1. Awareness of biodiversity values
 
4. Use of natural resources
Relevant documents and information

‘Conservation and sustainable use of biodiversity (1-2-②),’ as laid out in the Third National Basic Plan for Sustainable Development (2016-2035), the Second National Climate Change Adaptation Plan (information related to the development of local and international implementation platforms for promotion and education concerning adaptation), Strategy 7 (Laying the foundation for policy for the realization of environment rights) as stipulated in the Fourth Comprehensive National Plan for Environment (2016-2035), ‘Promoting awareness, education and participation (5-3)’ and ‘Discovering and promoting cooperative projects among the central government, local governments and local people (6-1)’ as laid out in the Third Basic Plan for Conservation of Natural Environment 2016-2025, 'Education and promotion to raise awareness of the marine environment and ecosystem' as set forth in the Fourth Comprehensive Plan for Marine Environment 2011-2020, 'Action Plan 3: Raising awareness and sustainable use of marine ecosystem' as set out in the First Basic Plan for the Conservation and Management of Marine Ecosystem (2009-2018), and ‘Nurturing human resources and strengthening promotion’ in Strategy 4 ‘Development of industrial ecosystem’ (4)-② of the Second Basic Plan for Agricultural Bioresources 2014-2018 are related to the National Target 2.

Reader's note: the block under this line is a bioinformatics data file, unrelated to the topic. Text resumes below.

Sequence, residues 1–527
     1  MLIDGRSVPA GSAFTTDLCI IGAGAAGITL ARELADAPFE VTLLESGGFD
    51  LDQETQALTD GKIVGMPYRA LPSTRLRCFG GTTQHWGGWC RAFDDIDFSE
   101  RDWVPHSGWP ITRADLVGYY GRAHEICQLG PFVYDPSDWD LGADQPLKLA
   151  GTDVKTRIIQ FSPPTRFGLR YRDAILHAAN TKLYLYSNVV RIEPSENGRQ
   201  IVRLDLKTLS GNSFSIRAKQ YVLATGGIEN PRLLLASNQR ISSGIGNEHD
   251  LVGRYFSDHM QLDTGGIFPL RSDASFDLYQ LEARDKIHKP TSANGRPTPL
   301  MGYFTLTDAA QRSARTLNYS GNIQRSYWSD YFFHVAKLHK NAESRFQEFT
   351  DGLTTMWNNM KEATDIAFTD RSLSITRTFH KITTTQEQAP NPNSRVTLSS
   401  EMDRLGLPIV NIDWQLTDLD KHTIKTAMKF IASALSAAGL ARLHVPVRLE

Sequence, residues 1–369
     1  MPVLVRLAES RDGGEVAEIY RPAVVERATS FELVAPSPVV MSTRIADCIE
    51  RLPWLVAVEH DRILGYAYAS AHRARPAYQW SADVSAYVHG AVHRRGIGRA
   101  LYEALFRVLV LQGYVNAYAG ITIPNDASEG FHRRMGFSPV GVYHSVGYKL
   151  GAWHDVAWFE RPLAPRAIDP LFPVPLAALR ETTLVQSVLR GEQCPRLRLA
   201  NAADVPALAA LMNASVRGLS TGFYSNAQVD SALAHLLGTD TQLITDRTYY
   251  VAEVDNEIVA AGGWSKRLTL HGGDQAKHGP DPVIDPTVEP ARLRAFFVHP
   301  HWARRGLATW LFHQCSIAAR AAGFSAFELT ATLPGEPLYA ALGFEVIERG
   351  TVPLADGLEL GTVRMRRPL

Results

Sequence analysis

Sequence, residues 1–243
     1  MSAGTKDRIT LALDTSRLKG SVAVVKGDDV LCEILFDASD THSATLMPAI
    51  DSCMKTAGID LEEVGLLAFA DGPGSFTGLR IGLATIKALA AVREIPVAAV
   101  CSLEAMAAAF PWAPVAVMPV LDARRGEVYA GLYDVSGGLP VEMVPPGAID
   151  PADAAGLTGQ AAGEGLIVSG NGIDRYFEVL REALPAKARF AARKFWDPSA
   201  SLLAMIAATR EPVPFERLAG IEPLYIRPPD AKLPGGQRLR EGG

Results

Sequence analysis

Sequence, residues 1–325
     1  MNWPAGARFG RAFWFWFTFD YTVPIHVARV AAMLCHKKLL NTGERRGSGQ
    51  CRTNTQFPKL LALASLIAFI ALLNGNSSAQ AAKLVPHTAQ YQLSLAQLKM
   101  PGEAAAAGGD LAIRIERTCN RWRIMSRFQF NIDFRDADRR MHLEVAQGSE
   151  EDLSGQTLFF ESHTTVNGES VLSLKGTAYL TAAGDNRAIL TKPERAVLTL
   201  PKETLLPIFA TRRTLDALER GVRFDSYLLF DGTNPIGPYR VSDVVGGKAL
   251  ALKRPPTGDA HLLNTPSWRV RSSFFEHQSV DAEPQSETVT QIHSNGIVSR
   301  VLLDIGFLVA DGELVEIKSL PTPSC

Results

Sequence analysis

EN

3. Expanding the budget

Background

Target 3 is one of the national targets aimed at implementing the strategy of 'Mainstreaming Biodiversity'. It is designed to promote the conservation and enhancement of biodiversity by driving actions beneficial to biodiversity and contributing to the mainstreaming of biodiversity across all socio-economic fields. Moreover, the importance of funding is being emphasized for the implementation of the Strategic Plan for Biodiversity 2011-2020 and the achievement of the Aichi Biodiversity Targets. By assessing financing related to biodiversity and expanding beneficial subsidies, funding can be secured for the conservation of ecosystems while minimizing environmental damage.

Relevance of the national target to the Aichi Biodiversity Targets